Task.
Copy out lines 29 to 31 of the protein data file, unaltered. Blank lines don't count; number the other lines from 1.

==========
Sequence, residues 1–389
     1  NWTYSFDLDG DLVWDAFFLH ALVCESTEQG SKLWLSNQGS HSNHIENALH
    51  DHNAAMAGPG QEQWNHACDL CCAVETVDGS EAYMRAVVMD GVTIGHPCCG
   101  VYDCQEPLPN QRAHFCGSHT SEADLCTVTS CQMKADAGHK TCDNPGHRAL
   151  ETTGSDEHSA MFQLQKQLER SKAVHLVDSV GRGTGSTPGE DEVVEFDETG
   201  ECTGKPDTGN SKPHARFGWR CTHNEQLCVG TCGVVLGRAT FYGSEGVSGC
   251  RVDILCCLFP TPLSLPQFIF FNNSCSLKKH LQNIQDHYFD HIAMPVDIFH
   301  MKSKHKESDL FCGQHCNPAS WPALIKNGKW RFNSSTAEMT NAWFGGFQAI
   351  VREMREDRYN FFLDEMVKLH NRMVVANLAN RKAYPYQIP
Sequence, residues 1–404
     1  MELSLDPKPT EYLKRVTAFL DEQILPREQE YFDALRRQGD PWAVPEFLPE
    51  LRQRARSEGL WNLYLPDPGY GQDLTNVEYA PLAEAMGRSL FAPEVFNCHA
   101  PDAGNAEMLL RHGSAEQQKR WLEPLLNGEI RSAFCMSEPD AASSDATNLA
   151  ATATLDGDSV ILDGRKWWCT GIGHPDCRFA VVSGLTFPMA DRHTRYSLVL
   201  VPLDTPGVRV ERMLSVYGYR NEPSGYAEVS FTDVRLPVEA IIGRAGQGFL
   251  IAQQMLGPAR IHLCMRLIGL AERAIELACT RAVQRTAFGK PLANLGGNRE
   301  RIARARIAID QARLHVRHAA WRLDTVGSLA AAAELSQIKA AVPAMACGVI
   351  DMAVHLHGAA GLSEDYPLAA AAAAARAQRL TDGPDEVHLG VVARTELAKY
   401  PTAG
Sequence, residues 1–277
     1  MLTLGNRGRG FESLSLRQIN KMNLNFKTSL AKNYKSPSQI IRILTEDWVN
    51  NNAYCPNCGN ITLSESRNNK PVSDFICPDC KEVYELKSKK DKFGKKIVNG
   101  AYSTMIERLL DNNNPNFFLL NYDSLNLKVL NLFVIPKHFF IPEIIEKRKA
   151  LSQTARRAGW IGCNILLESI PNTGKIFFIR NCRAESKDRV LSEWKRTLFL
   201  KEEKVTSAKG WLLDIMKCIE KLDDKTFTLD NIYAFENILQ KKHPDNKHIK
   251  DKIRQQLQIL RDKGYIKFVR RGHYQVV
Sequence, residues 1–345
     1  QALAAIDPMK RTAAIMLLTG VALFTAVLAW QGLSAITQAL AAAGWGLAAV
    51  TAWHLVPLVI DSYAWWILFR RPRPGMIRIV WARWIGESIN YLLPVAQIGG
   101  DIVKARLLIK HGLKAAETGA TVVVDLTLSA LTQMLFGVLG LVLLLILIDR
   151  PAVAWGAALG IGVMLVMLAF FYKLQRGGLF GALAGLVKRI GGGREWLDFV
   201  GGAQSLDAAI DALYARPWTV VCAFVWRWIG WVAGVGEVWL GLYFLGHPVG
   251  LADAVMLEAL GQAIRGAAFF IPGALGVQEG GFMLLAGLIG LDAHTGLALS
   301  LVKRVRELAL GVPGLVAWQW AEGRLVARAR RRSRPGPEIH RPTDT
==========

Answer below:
    51  TAWHLVPLVI DSYAWWILFR RPRPGMIRIV WARWIGESIN YLLPVAQIGG
   101  DIVKARLLIK HGLKAAETGA TVVVDLTLSA LTQMLFGVLG LVLLLILIDR
   151  PAVAWGAALG IGVMLVMLAF FYKLQRGGLF GALAGLVKRI GGGREWLDFV